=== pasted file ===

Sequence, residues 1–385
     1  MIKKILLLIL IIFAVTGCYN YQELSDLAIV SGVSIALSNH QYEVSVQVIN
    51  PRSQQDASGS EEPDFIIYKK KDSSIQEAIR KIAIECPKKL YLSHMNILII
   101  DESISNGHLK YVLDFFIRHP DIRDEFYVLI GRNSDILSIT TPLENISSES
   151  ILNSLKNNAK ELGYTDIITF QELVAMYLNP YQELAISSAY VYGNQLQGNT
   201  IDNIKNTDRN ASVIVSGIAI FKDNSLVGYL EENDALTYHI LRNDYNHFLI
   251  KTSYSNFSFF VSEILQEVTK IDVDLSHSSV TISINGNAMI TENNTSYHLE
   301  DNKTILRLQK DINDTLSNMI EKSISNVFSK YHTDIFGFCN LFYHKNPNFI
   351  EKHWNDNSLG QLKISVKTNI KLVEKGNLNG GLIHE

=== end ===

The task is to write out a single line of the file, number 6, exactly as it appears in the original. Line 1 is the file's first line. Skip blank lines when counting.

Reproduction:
   201  IDNIKNTDRN ASVIVSGIAI FKDNSLVGYL EENDALTYHI LRNDYNHFLI